What immediately became clear to me is that while Pizza Tower is certainly a “Wario-like”, it isn’t just that. It’s every platformer. Yes, all of them. This game was made by devs with an immense amount of knowledge of the genre in its totality. I saw shades of over a dozen other games or series I recognized. Some were by direct mechanical homage: Sonic, Donkey Kong Country, Kirby, Megaman Zero, Mort the goddamned Chicken, and tons more. Others were direct or debatable references: Bubsy, Plok, Skullmonkeys, and I’m going to mention Mort the Chicken again because I still can’t believe it. I don’t claim to fully know or even be correct on all the things I recognized or perceived as recognizable and it doesn’t really matter – my point is that if you’ve ever played a platformer something here will activate your neurons, but the game throws so much at you so quickly that you’ll barely be able to process it.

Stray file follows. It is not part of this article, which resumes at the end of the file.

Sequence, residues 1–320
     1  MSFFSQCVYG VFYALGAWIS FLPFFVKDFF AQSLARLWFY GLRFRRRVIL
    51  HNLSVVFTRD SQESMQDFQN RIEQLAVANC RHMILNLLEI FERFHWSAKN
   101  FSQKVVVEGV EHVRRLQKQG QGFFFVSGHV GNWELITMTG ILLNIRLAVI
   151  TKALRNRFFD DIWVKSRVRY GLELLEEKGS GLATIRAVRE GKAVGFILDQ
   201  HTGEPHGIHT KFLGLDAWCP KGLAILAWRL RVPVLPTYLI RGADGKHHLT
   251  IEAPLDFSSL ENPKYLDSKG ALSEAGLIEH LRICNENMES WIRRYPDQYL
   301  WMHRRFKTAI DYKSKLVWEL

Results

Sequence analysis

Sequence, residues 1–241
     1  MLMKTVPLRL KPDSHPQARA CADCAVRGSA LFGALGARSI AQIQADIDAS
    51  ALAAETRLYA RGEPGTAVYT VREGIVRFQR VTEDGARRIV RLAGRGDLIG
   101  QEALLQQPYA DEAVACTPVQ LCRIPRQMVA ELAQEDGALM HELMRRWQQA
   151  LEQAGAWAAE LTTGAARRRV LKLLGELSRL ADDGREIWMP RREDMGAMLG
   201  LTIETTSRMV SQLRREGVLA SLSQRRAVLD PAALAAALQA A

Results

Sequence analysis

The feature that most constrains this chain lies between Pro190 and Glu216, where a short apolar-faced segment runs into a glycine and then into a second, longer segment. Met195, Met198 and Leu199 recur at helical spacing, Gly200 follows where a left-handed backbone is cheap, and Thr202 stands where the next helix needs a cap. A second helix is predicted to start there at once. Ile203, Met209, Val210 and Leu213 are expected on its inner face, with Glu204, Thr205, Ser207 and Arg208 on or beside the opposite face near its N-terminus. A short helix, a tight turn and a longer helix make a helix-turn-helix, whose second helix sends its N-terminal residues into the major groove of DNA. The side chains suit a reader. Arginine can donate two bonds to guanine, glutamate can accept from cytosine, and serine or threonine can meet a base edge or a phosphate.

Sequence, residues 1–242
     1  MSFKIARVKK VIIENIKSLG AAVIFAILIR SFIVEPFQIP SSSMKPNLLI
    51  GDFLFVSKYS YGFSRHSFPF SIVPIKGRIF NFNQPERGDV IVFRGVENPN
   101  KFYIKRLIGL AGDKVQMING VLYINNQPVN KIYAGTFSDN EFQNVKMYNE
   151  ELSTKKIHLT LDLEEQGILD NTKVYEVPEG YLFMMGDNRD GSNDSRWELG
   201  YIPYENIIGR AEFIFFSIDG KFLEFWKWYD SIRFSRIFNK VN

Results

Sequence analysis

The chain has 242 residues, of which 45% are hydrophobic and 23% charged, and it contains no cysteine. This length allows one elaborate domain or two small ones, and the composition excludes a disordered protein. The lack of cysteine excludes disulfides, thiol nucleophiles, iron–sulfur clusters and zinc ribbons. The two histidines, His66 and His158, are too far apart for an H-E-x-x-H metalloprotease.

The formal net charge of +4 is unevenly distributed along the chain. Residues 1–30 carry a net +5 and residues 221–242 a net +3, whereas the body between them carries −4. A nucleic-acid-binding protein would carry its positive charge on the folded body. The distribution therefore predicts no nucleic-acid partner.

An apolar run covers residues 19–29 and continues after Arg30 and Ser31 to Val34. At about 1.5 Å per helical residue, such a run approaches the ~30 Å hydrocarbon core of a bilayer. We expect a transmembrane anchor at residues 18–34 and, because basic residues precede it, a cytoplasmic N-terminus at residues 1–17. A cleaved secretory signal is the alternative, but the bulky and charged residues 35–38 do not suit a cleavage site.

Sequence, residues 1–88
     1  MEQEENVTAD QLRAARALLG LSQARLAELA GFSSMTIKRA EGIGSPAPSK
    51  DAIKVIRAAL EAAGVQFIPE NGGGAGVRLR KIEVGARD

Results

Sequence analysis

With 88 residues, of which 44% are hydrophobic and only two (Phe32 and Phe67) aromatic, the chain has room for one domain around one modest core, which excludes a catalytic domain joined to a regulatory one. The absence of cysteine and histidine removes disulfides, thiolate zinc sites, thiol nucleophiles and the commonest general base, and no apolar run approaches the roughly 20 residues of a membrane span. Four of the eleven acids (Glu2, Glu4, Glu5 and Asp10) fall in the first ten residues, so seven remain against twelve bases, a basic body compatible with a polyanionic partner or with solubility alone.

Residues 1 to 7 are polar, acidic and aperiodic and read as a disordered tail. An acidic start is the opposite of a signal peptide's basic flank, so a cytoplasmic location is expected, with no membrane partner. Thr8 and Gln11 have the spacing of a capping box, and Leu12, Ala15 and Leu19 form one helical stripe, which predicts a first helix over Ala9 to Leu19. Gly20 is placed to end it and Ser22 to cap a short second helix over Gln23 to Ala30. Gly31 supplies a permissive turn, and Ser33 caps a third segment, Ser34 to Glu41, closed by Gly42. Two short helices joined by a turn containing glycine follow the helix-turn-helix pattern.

The first point of sensory overload is the game’s presentation. In a word, it’s incredible. Buttery smooth animations on everything that never stutter or look any less than hand-drawn, absurd amounts of detail, sprites squashing and stretching all over the place. Peppino in particular is the most authentic depiction of anxiety ever created, constantly freaking out and visibly shaky even when smiling, which is not an especially common occurrence for the poor bastard. This is coupled with a soundtrack so packed full of earworms that you’ll need to take a prescription for it. Each level gets its own unique track and they’re as varied as the game itself. Many tracks are enhanced by some excellent use of samples, and as you’ll come to see this is just one of the many ways the game reinvents preexisting material to achieve its own, fresh ends.